When you stand in front of a huge mountain to overcome, it is a good idea to get an overview of what awaits you before you start climbing. This overview will necessarily be incomplete because you will face new, unexpected situations as you start and move on, but it is a good thing to have at least a slight clue of what to gear up for. In a case like mine, with the mountain consisting of a bunch of undefined, entangled issues related to the own self and biography, this means to identify some of the things you will have to turn to.
It is not important to name all of them already, because they are usually piled up in layers so that the deeper issues are not immediately assessable. You just need a place to start with, and since self-related issues are by nature also related with one another, the deeper issues will surface anyway along the way. This may lead to the feeling of being overwhelmed – once you open the box, things continue flowing from it. You may feel like a mess because you realize in how many regards you are in a miserable state. However, the positive side of it is that when you start working on one thing, other things will improve as well, due to their interrelatedness.
I believe in self-reflection as a good means to start with for an overview. With this I mean looking at yourself and assessing what you see. This sounds easy but can be very painful, because you will probably not be happy about what you see. In the grip of negative thoughts and poor beliefs of your own worth and capability, you are often blind for the things that are okay or even fine about yourself, which you would be able to acknowledge if you were in a better place. Then, everything you see just makes you angry or sad or want to run away as quickly as possible.
So, it is important to remember that reflections are always bound by subjectivity. Just as your image appears differently in a window, a puddle, or a bathroom mirror, due to different qualities of the mirroring faculty, your view of yourself is contingent not only on your values and beliefs, but also on your current life situation, which again is influenced by the thoughts, feelings, moods, and topics actualized. It is not an objective image of youself that you see, but one that is perceived through the glasses of depression, harshness, disgust, and the like.
I have often experienced that when I am just by myself, it easily happens that I am captured by a downward spiral of negative thoughts, ending up frustrated and desparate. For this reason, I have come to consider it crucial to seek out for the support of others who are trustworthy, reliable, and kind. People like a good friend or a therapist can be mirrors as well, although by nature subjective, but they will contribute their own, peculiar perspective and can help you to remember what you forgot when caught up in negative thoughts, to look at yourself from a different angle, to put things apart that should be separated, and to tie other things together that belong to each other.
~ train window snapshot ~
Besides getting supportive input from others, it is helpful by itself already to just express your thoughts. It often happened that I felt stuck pondering on my own because everything seemed to messed up inside my mind, but when I started speaking about things, I suddenly got a greater clarity about them. This is because verbalizing forces you to put the whirl of thoughts into a coherent, comprehensible structure, arranging and sorting them. Writing does the same. And there is more about it: Once you give your thoughts a material body and put them out there, they become real. They are no longer locked up in your head but part of a reality that can be perceived by others as well. This is the power of words, and it is stronger when you share them with others. It is magic.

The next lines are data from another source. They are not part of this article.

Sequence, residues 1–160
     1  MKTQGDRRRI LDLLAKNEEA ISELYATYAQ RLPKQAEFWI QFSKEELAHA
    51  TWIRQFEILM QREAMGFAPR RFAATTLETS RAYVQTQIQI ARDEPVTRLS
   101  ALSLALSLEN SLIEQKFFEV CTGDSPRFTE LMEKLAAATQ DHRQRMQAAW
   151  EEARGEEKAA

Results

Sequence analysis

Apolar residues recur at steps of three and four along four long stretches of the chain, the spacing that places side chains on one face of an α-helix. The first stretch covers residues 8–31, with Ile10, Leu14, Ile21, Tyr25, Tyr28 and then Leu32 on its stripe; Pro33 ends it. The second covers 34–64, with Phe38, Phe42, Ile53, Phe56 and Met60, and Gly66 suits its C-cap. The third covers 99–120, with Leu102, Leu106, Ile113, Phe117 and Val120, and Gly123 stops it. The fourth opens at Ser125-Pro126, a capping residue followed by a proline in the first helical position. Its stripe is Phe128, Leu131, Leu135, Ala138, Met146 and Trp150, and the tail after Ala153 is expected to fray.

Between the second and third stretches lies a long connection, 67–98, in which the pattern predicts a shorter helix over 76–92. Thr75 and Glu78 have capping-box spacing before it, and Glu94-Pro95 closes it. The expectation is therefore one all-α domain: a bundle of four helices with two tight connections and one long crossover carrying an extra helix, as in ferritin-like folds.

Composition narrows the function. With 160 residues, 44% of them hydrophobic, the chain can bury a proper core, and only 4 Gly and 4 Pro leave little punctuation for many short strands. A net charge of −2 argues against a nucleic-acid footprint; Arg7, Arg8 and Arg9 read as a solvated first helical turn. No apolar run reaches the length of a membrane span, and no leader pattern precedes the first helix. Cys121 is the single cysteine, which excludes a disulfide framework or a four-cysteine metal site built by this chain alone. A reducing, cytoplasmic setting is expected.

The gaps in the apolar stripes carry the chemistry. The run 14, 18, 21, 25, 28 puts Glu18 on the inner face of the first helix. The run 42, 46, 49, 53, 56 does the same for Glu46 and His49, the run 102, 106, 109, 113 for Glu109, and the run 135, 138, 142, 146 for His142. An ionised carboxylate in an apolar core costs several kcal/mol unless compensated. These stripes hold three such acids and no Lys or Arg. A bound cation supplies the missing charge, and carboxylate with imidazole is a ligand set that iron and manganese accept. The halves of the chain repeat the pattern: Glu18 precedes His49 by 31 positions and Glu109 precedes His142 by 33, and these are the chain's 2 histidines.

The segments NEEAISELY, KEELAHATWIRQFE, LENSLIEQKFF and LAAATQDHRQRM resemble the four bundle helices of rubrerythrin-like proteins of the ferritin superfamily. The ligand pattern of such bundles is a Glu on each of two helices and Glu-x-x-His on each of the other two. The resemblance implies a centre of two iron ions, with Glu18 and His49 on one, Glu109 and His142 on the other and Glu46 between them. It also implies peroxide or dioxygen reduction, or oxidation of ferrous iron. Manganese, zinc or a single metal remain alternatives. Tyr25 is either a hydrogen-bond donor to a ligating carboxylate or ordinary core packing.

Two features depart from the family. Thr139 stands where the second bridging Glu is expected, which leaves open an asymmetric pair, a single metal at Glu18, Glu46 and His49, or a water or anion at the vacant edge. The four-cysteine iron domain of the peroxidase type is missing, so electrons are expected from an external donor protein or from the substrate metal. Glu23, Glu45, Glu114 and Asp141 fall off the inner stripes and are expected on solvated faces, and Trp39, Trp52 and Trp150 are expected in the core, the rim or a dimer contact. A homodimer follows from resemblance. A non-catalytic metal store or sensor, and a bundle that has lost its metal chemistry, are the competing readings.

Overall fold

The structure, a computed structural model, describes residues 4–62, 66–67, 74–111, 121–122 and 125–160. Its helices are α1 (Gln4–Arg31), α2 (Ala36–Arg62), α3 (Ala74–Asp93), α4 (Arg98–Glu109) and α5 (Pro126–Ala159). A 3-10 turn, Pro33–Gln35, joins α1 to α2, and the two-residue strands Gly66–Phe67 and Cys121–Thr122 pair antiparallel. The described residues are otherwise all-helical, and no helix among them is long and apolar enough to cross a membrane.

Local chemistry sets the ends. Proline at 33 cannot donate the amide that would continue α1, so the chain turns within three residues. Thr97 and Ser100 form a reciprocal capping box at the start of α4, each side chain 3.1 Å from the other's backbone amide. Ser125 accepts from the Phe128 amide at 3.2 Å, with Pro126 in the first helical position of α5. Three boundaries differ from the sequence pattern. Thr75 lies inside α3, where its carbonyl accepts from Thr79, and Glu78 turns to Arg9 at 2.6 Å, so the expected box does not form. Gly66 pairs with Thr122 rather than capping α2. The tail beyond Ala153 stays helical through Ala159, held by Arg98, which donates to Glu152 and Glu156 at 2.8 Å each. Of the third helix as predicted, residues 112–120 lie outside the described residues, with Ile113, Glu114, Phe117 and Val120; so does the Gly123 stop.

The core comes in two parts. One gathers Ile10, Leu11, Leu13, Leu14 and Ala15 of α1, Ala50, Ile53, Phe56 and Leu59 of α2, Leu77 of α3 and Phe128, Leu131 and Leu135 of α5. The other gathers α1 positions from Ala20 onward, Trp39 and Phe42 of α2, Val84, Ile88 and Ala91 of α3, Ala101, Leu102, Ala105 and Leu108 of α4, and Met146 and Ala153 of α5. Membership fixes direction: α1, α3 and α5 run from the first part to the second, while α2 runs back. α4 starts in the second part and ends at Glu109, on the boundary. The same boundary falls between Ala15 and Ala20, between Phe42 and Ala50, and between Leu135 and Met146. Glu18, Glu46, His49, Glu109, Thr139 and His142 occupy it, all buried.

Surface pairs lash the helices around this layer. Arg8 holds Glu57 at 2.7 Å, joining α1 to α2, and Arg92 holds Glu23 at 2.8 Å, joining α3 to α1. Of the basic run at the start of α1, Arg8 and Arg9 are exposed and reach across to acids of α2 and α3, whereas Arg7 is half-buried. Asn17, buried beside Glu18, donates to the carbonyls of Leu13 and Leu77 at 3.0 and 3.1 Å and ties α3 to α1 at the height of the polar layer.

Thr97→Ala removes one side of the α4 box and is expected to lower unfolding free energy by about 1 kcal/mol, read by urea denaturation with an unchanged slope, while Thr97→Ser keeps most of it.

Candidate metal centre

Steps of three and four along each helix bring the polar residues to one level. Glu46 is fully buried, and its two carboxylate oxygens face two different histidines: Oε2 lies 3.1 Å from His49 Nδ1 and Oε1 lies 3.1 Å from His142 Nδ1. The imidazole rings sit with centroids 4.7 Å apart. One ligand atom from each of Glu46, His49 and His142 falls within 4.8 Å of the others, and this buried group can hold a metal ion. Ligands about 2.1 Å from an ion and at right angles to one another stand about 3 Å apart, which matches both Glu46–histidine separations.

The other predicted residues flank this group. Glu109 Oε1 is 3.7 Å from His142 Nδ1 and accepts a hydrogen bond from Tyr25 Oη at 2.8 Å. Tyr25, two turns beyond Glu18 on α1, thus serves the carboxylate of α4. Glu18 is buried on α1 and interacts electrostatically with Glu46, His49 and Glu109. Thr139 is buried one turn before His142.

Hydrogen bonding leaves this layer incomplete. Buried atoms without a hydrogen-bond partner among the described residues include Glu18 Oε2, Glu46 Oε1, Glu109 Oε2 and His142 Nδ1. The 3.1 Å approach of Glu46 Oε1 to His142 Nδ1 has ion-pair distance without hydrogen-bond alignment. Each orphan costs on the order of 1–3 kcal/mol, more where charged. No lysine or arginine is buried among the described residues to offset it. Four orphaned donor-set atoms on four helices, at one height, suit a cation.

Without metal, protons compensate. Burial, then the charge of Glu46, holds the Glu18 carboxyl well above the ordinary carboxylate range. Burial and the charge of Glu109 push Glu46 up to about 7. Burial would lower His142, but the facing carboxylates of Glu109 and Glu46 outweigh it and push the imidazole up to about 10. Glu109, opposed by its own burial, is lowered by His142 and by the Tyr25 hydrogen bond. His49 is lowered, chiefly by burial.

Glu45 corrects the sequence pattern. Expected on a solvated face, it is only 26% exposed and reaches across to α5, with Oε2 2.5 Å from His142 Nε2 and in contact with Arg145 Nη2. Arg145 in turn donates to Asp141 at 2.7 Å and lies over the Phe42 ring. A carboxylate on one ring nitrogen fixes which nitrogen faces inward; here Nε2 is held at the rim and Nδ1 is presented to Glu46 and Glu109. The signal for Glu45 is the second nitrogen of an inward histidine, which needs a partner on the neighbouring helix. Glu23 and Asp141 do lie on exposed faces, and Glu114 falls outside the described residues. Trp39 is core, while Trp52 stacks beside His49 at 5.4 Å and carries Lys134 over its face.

So, I have decided to write on here, about all the things that seem to matter in my unwell-being. What encouraged me to do that were you wonderful and kind reactions to my breakdown post. Thank you so much for that! I cannot express how much that means to me.
I will not write this just for myself, but also for my friends out there – you know who you are! – and for everybody who happens to stumble across here and has an interest to read. You will probably be able to relate to some things I write, and to others you will not, but that does not matter. Getting an understanding of yourself works by a dialectic process of identifying yourself with certain things and setting yourself apart from other things. So I have the hope that you will find some of the things I will write here helpful for yourself, in whatever regard, or probably you will find them just entertaining. Whatever it will be, it will be fine.
~ the surface ~
Speaking with my husband Peter, I have identified a number of things I want to look at and and write about. These things include tension and exhaustion, emotions and emotion regulation, depression, eating (still and again, yay ), performance, obsessive tendencies and perfectionism, control, high intellectual ability and high sensitivity, ADHD, fundamental self-beliefs, connectedness, family relations, my relationship with my body, meaning in life, and faith. I would not be surprised if there were more …
These topics deserve several separate posts but of course they all belong together. It will take some time and space to write them, but now I am at a point where I can finally face up to them, and they are too important to let this opportunity pass. I cannot go back anyway, so going forward is a much better idea. And I am very happy that I do not have to go alone.